Green Book is a comedy-drama film directed by Peter Farrelly and was written by Farrelly, Brian Currie and Vallelonga's son, Nick Vallelonga. The film stars Viggo Mortensen, Mahershala Ali, and Linda Cardellini.

The Story/The Direction:

The film takes place in the 1960s in mostly the Deep South of the United States. It concentrates on the true musical tour of Don Shirley/Doc (Ali) who hired Tony Vallelonga (Mortensen) as his driver and bodyguard. The film gains its name from The Negro Motorist Green Book, a guidebook for African-American travelers written by Victor Hugo Green, to help them find motels and restaurants that would accept them.  These two travel across the south interacting with a multitude of people both receptive and opposed to them. They get to know each other and eventually become friends and Farrelly does a decent job showing this buddy/road trip film. However, the best part is the characters played by the two main actors.

The Characters:

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Both actors equally play their characters brilliantly as they are both able to step in their roles and run with it. Mortensen can legitimately play any character and Ali is no different. These two men have excellent chemistry on screen and their banter is the highlight of the film.  Each time they're in the car together, it is enjoyable to watch. Vallelonga comes from this working background but his knowledge of African Americans is based on stereotypes however this opinion changes over the course of the film. Similarly,  Doc grows to appreciate Tony's candidness and sees he does not mean any harm in what he says to him. The film shows them growing together over the course of the film and its a good time to see it happen. Cardellini also does a decent job as Tony's wife but she is not the focus of the film.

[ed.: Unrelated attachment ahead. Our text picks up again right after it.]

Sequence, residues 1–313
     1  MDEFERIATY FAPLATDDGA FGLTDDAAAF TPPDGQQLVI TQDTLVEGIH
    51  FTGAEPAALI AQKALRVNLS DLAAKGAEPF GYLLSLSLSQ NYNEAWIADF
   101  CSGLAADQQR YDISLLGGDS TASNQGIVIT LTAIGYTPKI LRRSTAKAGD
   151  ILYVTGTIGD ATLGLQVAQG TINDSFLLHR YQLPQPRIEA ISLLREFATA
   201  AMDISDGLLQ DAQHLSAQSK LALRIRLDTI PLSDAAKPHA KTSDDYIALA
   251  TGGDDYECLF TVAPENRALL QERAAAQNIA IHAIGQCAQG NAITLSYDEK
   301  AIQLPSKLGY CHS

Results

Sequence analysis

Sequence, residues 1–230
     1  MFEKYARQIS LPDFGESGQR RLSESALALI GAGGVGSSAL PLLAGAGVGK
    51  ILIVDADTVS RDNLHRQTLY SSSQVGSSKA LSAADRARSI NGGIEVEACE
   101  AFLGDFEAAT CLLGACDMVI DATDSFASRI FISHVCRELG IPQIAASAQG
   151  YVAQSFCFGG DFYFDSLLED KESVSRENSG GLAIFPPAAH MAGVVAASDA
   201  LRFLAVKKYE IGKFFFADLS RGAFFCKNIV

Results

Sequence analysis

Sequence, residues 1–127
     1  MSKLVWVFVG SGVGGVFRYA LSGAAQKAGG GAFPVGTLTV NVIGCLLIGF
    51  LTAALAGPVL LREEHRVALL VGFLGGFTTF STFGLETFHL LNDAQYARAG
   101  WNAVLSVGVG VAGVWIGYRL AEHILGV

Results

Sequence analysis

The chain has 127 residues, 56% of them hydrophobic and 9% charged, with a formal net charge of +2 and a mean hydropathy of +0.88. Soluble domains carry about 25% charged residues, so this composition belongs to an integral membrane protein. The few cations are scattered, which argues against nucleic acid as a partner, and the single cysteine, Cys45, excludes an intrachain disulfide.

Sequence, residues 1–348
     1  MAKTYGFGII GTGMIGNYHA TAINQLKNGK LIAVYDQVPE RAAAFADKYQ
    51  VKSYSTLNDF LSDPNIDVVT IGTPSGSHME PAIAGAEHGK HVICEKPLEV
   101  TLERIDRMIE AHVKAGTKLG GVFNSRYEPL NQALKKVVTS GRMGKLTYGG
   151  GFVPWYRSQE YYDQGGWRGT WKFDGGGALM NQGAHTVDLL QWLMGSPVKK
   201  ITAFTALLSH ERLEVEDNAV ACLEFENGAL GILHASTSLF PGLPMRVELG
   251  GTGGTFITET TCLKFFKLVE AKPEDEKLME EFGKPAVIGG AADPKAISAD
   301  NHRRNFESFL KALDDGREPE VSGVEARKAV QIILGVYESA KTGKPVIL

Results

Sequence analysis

The Flaws:

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The biggest flaw comes from the writing as it is fairly a one-sided film. The audience gets to know more about Tony than Doc whose backstory is very rushed. This makes sense due to the main writer on the film is Tony's eventual son. However, this provides some miscues with how bad things were for Doc traveling through the South. This is probably due to Tony really not knowing how bad it was. He is facing forward while driving, Doc is in the back, and he may not have realized how scared Doc could have been. The apparently worst thing that Tony views are when Doc is not able to try on a suit before buying it. The film does not touch into how Doc was feeling very much. In addition, the film's pacing seemed a little off as it would switch back from serious to comical quite quickly. One scene would be a very intense scene and the next would have Doc and Tony back in the car, joking. It can take one out of the film a little.


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This film was not made to end prejudice or stop racism but rather tell a story about two men. Albeit the one-sidedness, the film does this fairly well and the acting is worth the price of admission, alone. 

Rating: 4.0/5.0 bowties

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